Since classical antiquity the idea of human nature has played a central role in our understanding of ourselves and of our place in the world, providing the source of norms of conduct, as well as presenting a categorical framework for living a good, and fulfilled life. At the same time however this idea has always been controversial: the debate concerning the distinguishing characteristics of human beings, their grounding, and how fixed they are, is one of the oldest in philosophy.
A tradition dominant since Plato and Aristotle has emphasized rationality as distinctive of human beings. Among the rational capacities characteristic of humans intellect and will are commonly singled out. Furthermore for many ancient thinkers, human nature is not only what distinguishes humanity as a kind, but it is also what human beings are meant to strive for to achieve perfection. Aristotle makes several influential suggestions concerning areas of human activity where our nature is most manifest: most notably perhaps, defining man in his Politics as a political animal, and in his Poetics as a mimetic animal. The former points to an innate propensity to develop complex communities, the latter denotes the need to represent reality, and thus to create art.
These ideas were both developed and contested in subsequent traditions. Ernst Cassirer, advancing the mimetic aspect of human nature suggested human beings should be understood as symbolic animals, focusing on their ability to create and transform a world of meaning into which they can project themselves, rather than on any physical or metaphysical determinants. This view came under criticism with the import of empirical research on non-human animals suggesting that at least higher primates are able to employ abstract concepts in communication, and to form local cultures. The idea of man as a political animal has arguably been expressed most radically by John Donne, who sees human relatedness not only as a feature of the human condition, but its very essence declaring that ‘any man’s death diminishes me, because I am involved in mankind’. On the other hand since the dawn of modernity the human person has increasingly been construed as an isolated and self-contained phenomenon, this tendency perhaps culminating in Sartre’s resounding dictum “L’enfer, c’est les autres”.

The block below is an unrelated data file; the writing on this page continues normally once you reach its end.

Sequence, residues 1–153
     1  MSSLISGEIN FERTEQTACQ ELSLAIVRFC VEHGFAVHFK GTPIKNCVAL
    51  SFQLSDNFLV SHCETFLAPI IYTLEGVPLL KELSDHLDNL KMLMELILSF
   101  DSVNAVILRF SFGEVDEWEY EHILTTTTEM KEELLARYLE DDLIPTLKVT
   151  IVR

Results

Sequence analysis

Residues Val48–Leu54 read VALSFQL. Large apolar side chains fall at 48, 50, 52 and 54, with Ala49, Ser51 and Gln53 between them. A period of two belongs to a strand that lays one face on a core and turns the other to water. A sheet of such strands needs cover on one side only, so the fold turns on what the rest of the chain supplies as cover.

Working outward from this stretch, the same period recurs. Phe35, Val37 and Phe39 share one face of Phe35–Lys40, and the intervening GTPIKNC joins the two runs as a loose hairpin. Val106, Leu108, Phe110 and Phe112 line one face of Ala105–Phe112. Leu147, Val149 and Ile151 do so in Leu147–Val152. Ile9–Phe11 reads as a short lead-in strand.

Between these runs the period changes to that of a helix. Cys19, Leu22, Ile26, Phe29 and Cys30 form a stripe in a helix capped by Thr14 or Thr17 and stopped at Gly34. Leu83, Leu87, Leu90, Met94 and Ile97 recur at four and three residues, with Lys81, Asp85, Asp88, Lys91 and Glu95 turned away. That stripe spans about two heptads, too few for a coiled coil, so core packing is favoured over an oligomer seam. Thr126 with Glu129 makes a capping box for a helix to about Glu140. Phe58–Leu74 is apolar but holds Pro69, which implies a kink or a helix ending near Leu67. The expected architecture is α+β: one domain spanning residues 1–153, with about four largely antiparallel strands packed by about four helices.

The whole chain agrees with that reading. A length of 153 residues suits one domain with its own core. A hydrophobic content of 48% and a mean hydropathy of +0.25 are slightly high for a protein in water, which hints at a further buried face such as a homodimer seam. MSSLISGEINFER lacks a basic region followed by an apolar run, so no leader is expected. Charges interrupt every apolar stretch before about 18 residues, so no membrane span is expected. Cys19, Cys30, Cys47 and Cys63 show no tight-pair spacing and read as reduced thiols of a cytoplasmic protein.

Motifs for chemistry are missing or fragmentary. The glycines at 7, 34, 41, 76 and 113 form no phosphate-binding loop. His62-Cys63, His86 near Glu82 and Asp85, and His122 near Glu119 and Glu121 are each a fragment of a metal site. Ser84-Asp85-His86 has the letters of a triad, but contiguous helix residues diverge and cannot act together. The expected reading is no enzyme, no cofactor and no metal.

There has likewise been fundamental disagreement about human nature between the world’s great religious traditions. Christian thinkers tend to understand humankind after the Fall as essentially sinful. By contrast, though sharing the story of the fall of Adam, the Jewish and Islamic traditions resist the doctrine of original sin. At the other end of the spectrum thinkers in the Buddhist tradition have argued for a view of human nature as essentially compassionate. A further division concerns whether humans are to be seen as essentially a part of nature, or as something distinct from it. This is most clearly seen in the difference between traditions like Christianity and Hinduism that have a clear notion of the soul or self, as distinct from the body, and those like Judaism and Buddhism that tend towards metaphysical monism.
This raises the question of which discipline the study of human nature belongs to. If humans are just a part of nature then we might look to the physical sciences such as biology, and neurology, or the ‘higher level’ social sciences like anthropology and economics. However many thinkers argue that humankind is not amenable to these disciplines and that its study is better suited to the humanities such as history, theology and philosophy. This dispute was central to the ‘science wars’ of the nineteen nineties and to the bifurcation of late modern intellectual life into ‘two cultures’ lamented by C. P. Snow before that. Recent advances in neurobiology and cognitive science as well as recent challenges to the relevance of the humanities in contemporary thought make these questions more pressing than ever.
At a still more fundamental level, a tradition beginning with Hegel and reaching its culmination in twentieth century existentialism has challenged the very idea of human nature, accusing its proponents of substituting an essence where there is really a free choice. This has prefigured a preponderance of anti-, post-, and trans-humanistic theories that deprive the category of any concrete meaning or lasting relevance. But although these traditions may be motivated by a desire to liberate humanity from deleterious constraints, many have felt that a denial of meaning in this domain entails a rejection of meaning more widely that can scarcely be made up for by our own contingent projects.
This September, the Dalai Lama Centre for Compassion, in collaboration with the Humane Philosophy Project, the Institute of Philosophy, University of Warsaw and the Ian Ramsey Centre for Science and Religion will present three days of talks and discussion on the topic of human nature its role in theoretical and practical philosophy. For more information please visit our Events page.